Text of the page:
Here in Texas, our preachers and politicians and penchant for hyperbole are ripe for satire and parody. Capitol Steps thanks us for being so supportive of comedians with not one but two shows at the ATT Performing Arts Center's Wyly Theatre this weekend.
"You've been such a great source of material over the years," said Elaina Newport, co-founder of the Washington, D.C.-based Capitol Steps. "Different states become funny. For a while Florida was by far the funniest state. Then there was Alaska. But Texas has been just steady over the years."
Politics is perennial. But so are pill-pushing doctors, grabby TSA screeners, paranoid preachers, pot smokers and philandering husbands. Capitol Steps covers society and pop culture as much as politics, sometimes both in the same number, explained Newport, "like a comparison between John Boehner and Snooki, because they have the same color tan. We think she's a love child of some kind, we're not sure." With 17,000 results for the phrase "John Boehner and Snooki," the Steps musically articulate what's already on everyone's minds.
"We'll tackle anything in the headlines and we do try to get everybody, equal opportunity offenders and all that. We try to skewer Democrats and Republicans, but we also go after the environmentalists, airport security, health care reform, Occupy Wall Street," said Newport. "It's hard to do financial humor, but we've turned the musical Grease into a musical about Greece." Swarthy guys and all, it's a great example of a Capitol Steps song concept that makes you gasp "Of course, that's perfect!"
The Capitol Steps are now in their 30th year of existence and the current show concludes with a take-no-prisoners finale of "We Didn't Start Satire" to Billy Joel's "We Didn't Start the Fire." In this exercise of nostalgia run cathartically amok, explained Newport, "the song attempts to summarize 30 years of scandals in three minutes. We have to end the show with it because there's all this carnage left on stage with props flying around like Monica Lewinsky's beret and Ted Kennedy's underwear. It has to be our last song because we couldn't clean up after it. It's rarely done without at least some minor injuries."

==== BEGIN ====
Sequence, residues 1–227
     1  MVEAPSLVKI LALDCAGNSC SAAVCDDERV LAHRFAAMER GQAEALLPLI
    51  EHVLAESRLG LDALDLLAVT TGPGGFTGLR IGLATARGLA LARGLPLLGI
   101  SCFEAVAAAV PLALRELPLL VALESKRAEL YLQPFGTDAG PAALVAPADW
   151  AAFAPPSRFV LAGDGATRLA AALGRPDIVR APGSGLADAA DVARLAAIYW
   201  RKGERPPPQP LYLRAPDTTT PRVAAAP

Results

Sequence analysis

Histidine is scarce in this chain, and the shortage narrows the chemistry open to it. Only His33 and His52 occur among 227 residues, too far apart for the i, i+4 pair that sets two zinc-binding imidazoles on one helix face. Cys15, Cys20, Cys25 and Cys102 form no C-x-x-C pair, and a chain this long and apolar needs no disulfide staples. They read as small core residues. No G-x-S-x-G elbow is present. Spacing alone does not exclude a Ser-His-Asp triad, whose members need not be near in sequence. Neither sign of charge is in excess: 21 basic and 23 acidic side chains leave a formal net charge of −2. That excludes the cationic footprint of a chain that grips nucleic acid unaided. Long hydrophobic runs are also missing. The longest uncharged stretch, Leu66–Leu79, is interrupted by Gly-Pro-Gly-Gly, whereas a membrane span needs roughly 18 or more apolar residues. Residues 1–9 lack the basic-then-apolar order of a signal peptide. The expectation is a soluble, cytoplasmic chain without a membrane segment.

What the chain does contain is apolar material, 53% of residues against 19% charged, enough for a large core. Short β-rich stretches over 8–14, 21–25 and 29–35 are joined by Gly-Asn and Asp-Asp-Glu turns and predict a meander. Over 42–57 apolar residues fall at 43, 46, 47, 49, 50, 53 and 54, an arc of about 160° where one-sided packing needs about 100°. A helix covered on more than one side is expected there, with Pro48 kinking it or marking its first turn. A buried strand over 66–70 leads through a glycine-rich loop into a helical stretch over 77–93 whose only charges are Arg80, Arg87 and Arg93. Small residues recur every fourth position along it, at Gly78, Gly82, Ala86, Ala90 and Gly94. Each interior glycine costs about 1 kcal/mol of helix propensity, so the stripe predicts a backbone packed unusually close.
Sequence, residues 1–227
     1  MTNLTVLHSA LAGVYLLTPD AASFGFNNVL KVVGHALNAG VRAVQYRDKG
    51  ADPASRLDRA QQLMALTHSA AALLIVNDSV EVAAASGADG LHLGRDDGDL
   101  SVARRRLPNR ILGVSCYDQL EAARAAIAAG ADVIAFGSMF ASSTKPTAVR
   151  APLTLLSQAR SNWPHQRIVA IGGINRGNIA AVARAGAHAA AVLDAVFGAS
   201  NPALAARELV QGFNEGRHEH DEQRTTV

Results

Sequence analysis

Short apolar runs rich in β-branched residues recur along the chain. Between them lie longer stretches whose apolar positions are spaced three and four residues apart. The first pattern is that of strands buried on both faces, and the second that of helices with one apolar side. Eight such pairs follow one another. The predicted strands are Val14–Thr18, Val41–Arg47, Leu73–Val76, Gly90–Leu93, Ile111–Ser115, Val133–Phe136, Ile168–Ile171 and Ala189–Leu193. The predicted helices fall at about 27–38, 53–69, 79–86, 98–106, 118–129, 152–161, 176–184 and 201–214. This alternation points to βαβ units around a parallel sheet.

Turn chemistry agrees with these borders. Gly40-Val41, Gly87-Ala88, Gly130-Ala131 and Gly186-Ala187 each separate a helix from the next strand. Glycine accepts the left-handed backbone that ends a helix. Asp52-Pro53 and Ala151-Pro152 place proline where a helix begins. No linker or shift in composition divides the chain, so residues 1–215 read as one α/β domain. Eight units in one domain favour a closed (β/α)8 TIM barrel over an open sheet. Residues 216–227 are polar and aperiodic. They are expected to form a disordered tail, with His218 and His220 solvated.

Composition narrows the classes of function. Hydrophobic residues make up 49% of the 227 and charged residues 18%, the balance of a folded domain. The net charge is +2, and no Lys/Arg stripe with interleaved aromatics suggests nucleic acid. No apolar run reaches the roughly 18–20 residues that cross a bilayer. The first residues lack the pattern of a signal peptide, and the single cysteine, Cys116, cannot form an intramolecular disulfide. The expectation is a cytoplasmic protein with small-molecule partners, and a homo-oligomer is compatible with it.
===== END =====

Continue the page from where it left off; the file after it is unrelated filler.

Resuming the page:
Capitol Steps' song parodies and satires cover a breathtaking spread of 50 years of musical styles. "Right now you can see Mitt Romney do a rap song 'I Like Big Bucks and I Cannot Lie,' " explained Newport of another gaspingly perfect parody. "Then we've got things going back to Fiddler on the Roof, with Barack Obama singing 'If I Tax a Rich Man.' I think our show is the only place you'll hear Herman Cain do a rock song and Joe Biden do a country tune and Newt Gingrich doing classical ballet. It might be a good thing you don't see that anywhere else."
Scandals come and scandals go. Because the Capitol Steps must not only write the material, but set it to music and choreograph it, too, they must move quickly when choice headlines arise. "Last summer at this time, it was Anthony Weiner and boy did we love Anthony Weiner. But after he resigned, it just wasn't that hot," lamented Newport. Still, the scandal had enough mojo to spawn "Weiner Wonderland," a 2012 holiday favorite that prompts outlandish mental imagery of taut tighty whities on parade.
Acerbic, cynical and sardonic, irreverent, witty and wry, the Capitol Steps continue to steamroll through history, recording politics and popular culture with the bemused detachment of Jon Stewart and Stephen Colbert. Keeping up with the neverending insanity can be exhausting, said Newport, "but once in a while we get lucky. For a long time we thought that Kim Jong-Il was never going to die. We had a song 'How Do You Solve a Problem Like Korea' that we did for nearly five years because he just kept hanging in there."
Here's a recent Capitol Steps video of Mitt Romney doing "Help Me Fake It To the Right"